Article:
Targeted law enforcement efforts can help stop tropical deforestation. New results from an international coalition to combat illegal deforestation show that with sufficient commitment, such efforts can play a key role in moving countries towards the COP26 pledge to end deforestation by 2030.
An international coalition led by UNODC and INTERPOL, together with national authorities in Papua New Guinea (PNG), has contributed to a substantive decline in overall deforestation in 2020 compared to 2014-2018, representing several thousand hectares of rainforest saved in 2020 in this country alone. The reduction happened within only 3 years after the start of the coalition’s Law Enforcement Assistance Programme (LEAP) supported by Norway.
LEAP, with its strong intelligence-led operational focus, currently works in ten target countries across South-East Asia and Latin America by using intelligence, building national task forces, and providing operational support, mentoring and capacity building relating to combating forestry crime and illegal tropical deforestation. By enhancing intelligence sharing, LEAP helps to identify trafficking routes, hotspots, modus operandi, specific crime trends, and facilitate transnational investigations. The Programme further encourages multi-agency cooperation at the national and regional levels, including among the private sector.
“The Law Enforcement Assistance Programme (LEAP) supports the coordinated criminal justice responses needed to help fulfil the pledge taken at the COP26 climate summit to end deforestation by 2030,” said Ms. Ghada Waly, Executive Director of the UN Office on Drugs and Crime.
In 2019 alone, INTERPOL’s global and regional law enforcement operations targeting illegal logging and wildlife crime, including those facilitated by LEAP, have led to approximately 20,000 seizures (2550m3 of timber), 600 arrests, 420 incidents of which 178 related to LEAP’s target countries, including Peru, Ecuador, Brazil, Colombia, Indonesia, Papua New Guinea, Vietnam, Lao People’s Democratic Republic, Thailand and Cambodia.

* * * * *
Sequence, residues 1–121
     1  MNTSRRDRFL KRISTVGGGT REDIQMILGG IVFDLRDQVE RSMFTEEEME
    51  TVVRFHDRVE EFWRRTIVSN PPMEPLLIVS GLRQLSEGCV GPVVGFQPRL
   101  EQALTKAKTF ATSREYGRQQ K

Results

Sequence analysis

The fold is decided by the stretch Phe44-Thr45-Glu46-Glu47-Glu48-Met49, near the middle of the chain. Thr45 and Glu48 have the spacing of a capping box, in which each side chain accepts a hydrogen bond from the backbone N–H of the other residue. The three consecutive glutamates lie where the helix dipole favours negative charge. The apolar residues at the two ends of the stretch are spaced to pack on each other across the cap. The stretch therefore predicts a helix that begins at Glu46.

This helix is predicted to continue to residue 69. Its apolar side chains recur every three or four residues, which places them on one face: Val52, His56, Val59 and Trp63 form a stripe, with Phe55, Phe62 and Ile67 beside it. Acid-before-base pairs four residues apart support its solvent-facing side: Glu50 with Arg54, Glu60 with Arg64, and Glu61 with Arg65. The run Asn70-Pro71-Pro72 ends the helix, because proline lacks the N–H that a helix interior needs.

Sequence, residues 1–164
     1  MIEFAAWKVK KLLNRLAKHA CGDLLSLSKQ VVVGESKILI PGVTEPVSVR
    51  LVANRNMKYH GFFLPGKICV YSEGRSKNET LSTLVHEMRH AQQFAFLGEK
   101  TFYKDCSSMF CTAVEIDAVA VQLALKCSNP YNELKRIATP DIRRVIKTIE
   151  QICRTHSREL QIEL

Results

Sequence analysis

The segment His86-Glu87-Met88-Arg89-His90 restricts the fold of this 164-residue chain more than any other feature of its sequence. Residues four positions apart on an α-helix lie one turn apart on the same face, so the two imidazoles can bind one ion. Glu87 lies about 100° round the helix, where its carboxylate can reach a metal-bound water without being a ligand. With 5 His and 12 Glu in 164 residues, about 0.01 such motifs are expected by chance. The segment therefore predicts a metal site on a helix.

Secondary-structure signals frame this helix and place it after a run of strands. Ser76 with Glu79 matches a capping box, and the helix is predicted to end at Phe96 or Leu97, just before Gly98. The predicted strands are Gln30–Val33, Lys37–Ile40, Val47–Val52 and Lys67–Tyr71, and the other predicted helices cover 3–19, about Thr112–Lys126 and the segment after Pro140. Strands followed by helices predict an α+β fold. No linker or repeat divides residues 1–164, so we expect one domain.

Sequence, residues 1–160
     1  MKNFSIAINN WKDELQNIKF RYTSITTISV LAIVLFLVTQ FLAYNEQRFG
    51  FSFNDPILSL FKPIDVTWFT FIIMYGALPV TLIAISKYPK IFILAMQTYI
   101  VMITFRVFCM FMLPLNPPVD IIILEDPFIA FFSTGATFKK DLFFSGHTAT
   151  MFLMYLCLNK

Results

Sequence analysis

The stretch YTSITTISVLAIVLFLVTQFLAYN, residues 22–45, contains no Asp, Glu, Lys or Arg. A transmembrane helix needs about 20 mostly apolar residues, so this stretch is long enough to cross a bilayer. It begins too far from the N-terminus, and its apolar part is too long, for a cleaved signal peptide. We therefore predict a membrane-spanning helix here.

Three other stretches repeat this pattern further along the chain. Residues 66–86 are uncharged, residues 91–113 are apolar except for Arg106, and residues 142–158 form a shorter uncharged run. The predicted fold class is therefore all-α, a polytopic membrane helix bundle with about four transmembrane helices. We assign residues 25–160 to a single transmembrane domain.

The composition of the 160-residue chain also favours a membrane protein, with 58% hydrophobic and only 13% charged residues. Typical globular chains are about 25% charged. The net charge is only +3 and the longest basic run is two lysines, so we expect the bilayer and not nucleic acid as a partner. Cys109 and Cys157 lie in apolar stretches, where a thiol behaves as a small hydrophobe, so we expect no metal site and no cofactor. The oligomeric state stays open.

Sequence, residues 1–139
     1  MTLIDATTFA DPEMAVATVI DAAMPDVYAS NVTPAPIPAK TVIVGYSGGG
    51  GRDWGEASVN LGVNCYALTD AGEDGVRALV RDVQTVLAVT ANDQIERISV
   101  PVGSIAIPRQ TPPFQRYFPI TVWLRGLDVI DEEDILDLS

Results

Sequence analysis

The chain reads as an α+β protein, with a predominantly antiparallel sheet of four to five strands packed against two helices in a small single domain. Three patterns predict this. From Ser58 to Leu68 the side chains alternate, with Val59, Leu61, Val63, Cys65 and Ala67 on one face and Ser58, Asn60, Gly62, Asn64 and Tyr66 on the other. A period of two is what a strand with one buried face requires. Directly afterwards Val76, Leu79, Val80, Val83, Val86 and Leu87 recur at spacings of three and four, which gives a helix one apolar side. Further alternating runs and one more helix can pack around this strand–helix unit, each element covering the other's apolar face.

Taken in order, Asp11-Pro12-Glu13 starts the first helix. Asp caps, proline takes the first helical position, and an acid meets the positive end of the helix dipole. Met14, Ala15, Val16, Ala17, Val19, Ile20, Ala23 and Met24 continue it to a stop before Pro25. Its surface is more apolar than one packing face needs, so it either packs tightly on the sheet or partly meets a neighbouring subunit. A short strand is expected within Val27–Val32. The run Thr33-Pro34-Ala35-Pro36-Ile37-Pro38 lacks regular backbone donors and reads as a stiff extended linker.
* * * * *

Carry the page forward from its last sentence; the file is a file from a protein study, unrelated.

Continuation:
“Like other forms of environmental crime, illegal deforestation often occurs hand in hand with other offences such as corruption and money laundering. Through LEAP, we are encouraging greater cooperation between law enforcement around the world to disrupt the criminal networks behind these crimes, and help provide support for the COP26 pledge,” stated Jürgen Stock, Secretary-General of INTERPOL, the world’s largest police organization with 195 member countries.
LEAP’s timber identification and document fraud training for relevant law enforcement agencies has led to significant wood seizures, including CITES (the Convention on International Trade in Endangered Species of Wild Fauna and Flora) protected timber, in Latin America and Southeast Asia.
Financial investigations are also a part of LEAP, alongside field operations. In one partner country, financial intelligence units mentored by LEAP identified tax evasion and fraud linked to the forestry sector worth up to 2 billion USD. This has led to the issuing of several tax penalties to perpetrators and formal warnings issued to major banks suspected of being involved in financial crimes linked to the forestry sector.
“Illegal logging and other environmental crimes are destroying natural habitats, killing wildlife and polluting ecosystems.
By following the dirty money, law enforcement can stop the criminal gangs that are making billions from looting our planet.
The FATF calls on all governments to help us take the money out of environmental crime and released a report this year to
help law enforcement detect such cases,” said Dr. Marcus Pleyer, President of the Financial Action Task Force (FATF), the
global money laundering and terrorist financing watchdog and standard setter.